This digital age is not a temporary phenomenon or a trend that will vanish in a matter of time. It is the platform that brings the role players of the economic system together, creating what is known as the digital economy.
The digital economy has changed the nature of work. Waking up at 6 am, finishing your work at 3 pm is not the only option anymore. Your office could be your PC, your bed, or your favorite co-working space. Thanks to entrepreneurship and Gig economy, they both play a vital role in shaping the experience of digital economy. As 35% of the world’s internet users are African, we can easily spot an opportunity for engaging with the world through digital platforms. On a bright note, many of Africa’s youth are moving toward self-employment either as entrepreneurs or freelancers. But how can we enhance the skills of these young women and men to make them capable of adapting with the needs of the digital economy of the future world?
Millennials are digital natives. We all grew up in the age of digital technology. But unfortunately, young people in Africa did not get this opportunity equally. We have some catching up to do, so to make sure that we are ready for the future of work, we need to focus on information and communications technology (ICT) literacy among women and children in primary school. ICT literacy will give women, especially in rural areas, a chance to join the virtual labor market. For example, many of today’s women in Sudan are using social media to exhibit their products. These women saw social media as a platform to sell their products because of the challenges they would face due to cultural and social constraints.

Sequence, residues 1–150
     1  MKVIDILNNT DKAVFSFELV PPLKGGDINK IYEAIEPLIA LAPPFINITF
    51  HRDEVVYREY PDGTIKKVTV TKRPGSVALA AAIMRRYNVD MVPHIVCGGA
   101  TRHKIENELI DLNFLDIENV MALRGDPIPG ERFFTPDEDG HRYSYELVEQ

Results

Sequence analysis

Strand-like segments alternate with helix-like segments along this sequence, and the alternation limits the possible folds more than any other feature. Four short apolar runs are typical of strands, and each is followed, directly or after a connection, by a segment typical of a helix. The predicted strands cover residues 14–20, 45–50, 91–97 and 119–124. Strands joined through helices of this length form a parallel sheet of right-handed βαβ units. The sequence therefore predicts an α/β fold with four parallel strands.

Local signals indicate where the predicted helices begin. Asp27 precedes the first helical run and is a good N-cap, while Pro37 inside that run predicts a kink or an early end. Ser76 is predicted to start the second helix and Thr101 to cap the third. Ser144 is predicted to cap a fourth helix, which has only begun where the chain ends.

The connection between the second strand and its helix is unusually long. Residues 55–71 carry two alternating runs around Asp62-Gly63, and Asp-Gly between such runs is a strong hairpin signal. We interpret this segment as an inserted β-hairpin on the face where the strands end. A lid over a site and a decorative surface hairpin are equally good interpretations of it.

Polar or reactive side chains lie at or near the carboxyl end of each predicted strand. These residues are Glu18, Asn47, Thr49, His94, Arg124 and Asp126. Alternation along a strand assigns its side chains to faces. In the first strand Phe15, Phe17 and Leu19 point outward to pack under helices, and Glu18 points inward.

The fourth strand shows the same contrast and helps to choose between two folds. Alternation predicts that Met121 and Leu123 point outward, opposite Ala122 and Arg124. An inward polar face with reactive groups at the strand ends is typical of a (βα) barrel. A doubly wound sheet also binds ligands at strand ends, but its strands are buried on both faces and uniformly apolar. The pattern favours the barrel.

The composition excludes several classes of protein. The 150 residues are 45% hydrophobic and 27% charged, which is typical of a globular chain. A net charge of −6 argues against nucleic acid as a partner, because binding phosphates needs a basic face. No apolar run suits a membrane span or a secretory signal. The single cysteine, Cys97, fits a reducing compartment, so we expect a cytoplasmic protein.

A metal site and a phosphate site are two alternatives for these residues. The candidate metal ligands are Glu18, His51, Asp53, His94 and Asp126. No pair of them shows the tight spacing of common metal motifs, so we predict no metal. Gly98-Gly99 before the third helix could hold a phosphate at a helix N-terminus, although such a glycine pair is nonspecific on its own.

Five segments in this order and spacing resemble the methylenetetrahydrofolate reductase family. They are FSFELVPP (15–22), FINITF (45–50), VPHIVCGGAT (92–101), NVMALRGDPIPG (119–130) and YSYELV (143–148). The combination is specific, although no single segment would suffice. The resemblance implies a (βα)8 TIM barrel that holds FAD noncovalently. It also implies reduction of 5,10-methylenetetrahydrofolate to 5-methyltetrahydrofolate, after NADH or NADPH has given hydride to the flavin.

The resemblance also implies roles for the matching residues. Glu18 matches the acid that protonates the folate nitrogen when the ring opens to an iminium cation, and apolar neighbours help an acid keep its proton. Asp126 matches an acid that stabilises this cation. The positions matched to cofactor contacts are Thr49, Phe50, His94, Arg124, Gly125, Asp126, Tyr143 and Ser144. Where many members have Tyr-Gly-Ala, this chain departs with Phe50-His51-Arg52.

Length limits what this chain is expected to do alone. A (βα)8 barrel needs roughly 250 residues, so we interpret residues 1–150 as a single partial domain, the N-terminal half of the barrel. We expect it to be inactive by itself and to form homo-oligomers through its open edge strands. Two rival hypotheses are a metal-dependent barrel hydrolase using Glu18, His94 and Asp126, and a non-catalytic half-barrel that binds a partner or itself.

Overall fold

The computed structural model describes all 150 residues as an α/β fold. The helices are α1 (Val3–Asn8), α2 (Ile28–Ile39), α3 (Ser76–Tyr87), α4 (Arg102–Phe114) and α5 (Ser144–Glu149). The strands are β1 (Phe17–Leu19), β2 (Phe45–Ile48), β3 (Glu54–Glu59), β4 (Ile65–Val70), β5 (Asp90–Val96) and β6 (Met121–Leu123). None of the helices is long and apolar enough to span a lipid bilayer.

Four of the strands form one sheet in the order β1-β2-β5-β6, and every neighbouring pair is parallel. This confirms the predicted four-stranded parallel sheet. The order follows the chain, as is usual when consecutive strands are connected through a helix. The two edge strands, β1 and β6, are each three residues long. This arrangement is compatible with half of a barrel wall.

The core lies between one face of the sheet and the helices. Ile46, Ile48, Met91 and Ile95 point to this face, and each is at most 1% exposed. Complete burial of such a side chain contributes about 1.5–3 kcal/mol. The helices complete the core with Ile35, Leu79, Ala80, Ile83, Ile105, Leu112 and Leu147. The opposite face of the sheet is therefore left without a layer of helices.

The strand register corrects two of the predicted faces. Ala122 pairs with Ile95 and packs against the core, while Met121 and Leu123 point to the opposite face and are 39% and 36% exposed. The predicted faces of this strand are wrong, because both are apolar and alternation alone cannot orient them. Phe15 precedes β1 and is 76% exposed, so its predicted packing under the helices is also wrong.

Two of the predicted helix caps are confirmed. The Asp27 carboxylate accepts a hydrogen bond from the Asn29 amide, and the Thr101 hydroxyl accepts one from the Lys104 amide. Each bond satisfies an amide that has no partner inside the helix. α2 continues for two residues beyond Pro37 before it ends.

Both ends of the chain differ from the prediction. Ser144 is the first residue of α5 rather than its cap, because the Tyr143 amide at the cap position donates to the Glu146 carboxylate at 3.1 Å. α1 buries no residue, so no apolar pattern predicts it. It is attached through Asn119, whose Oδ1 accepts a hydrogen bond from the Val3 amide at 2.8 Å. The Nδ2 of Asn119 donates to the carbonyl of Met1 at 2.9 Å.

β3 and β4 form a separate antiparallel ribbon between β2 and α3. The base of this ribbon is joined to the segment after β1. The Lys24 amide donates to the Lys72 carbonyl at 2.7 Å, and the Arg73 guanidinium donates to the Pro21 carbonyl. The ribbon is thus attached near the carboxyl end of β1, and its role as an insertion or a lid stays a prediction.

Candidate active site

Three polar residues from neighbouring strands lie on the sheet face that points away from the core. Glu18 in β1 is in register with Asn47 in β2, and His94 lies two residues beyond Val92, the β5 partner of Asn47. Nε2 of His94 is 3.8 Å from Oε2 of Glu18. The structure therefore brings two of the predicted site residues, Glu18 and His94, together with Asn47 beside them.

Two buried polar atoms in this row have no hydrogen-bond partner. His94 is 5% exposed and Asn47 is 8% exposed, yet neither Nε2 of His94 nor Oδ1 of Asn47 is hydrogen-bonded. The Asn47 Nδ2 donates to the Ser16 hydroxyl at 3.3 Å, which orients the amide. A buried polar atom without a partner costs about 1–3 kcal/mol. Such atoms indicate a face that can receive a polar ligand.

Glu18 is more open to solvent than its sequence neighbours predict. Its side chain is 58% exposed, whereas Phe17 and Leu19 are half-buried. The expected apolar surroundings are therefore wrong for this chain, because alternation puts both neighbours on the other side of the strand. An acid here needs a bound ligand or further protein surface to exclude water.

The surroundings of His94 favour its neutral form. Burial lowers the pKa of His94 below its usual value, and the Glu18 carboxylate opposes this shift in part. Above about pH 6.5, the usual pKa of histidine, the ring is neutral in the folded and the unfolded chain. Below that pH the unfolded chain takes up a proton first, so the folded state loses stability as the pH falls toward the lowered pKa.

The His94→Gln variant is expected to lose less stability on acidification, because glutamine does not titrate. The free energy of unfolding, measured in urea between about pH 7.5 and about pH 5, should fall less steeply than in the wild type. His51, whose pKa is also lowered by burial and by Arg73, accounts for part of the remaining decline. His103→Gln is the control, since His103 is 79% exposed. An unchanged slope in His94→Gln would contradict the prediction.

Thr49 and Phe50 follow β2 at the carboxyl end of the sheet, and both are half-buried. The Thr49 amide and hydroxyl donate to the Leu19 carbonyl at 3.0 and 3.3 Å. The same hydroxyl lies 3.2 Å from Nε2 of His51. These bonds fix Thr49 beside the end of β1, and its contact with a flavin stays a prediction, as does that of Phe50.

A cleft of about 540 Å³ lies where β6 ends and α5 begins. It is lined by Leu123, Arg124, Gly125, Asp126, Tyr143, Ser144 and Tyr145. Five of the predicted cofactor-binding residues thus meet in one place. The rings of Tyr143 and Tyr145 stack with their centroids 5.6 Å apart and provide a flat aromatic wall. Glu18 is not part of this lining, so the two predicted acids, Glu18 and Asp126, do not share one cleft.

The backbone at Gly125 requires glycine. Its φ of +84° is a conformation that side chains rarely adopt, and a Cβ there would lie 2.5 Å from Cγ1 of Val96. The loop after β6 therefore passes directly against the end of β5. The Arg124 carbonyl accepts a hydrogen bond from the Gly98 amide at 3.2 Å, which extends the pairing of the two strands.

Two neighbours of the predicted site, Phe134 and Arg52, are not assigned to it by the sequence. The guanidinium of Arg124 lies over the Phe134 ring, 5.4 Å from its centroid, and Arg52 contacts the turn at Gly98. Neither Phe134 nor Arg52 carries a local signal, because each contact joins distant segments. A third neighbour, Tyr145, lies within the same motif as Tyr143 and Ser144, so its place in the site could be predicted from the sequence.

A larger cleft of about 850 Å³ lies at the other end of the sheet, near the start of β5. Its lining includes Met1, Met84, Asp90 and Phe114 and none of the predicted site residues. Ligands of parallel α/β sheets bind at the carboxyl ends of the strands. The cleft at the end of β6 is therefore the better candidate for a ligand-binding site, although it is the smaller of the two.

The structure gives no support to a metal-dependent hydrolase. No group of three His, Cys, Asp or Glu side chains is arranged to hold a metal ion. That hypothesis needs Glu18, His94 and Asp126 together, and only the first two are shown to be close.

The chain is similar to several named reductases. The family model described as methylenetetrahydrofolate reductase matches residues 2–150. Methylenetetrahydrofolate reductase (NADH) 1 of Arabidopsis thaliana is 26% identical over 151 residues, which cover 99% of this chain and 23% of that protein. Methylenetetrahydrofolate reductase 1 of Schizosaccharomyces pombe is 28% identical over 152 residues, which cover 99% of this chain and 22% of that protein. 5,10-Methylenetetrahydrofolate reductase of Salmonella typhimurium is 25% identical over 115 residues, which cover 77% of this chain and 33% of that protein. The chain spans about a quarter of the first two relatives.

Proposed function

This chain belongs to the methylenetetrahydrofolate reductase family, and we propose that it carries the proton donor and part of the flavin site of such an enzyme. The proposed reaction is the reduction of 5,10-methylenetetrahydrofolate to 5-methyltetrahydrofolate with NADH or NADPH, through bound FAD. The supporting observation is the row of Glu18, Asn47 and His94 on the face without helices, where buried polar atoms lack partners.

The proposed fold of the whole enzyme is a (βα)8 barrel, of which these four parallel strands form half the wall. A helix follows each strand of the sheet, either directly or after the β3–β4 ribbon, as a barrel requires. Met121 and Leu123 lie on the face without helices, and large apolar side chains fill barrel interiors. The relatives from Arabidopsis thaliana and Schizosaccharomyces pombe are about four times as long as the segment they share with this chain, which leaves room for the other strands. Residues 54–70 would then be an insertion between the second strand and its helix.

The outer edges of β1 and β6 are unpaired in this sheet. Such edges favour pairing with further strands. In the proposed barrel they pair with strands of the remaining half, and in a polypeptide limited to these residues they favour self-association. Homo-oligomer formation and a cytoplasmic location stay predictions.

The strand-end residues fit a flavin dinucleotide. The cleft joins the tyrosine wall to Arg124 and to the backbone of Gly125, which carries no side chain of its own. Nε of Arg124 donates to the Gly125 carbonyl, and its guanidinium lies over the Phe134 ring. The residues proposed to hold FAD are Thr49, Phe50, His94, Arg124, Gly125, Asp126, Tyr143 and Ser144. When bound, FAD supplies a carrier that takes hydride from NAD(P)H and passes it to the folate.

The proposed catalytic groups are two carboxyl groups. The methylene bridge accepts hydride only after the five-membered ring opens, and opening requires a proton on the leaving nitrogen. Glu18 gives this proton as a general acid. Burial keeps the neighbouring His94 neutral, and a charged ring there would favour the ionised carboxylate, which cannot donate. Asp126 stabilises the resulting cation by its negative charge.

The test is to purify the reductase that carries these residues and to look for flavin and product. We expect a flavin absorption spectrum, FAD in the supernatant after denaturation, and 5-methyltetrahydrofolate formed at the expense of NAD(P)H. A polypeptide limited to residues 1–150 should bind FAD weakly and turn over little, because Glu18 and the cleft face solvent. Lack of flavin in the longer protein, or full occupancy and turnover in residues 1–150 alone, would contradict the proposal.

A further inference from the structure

In addition, for young people to join the digital economy we should increase the investment opportunities for digital startups. I believe young entrepreneurs should have the understanding of how to mobilize global investments to run their digital startups. For that, Venture capitals and angel investors should focus on working with young entrepreneurs and encourage them to make use of the digital economy era.
On the other hand, I know that in many African countries such as Sudan, understanding of business doing regulations in general is weak for new ventures. Entrepreneurs perceive existing policies and regulations as generalized, unknown to many, and could be vague in some cases. The regulations in place constitute an obstacle for new business due to high taxation and the necessity of interacting with the governmental offices at all stages of development. In considering public policy reformation for businesses, there should be a focus on easing the procedures and have specific regulations to support and encourage young people to contribute to the digital economy era.
Above all young people should be well informed and aware of the opportunities and challenges that will occur during the digital economy of the future, for them to consider and work on solving from an early stage.
Moneera Yassien, a Sudanese national, is a winner of the World Bank Africa 2019 Blog4Dev regional competition.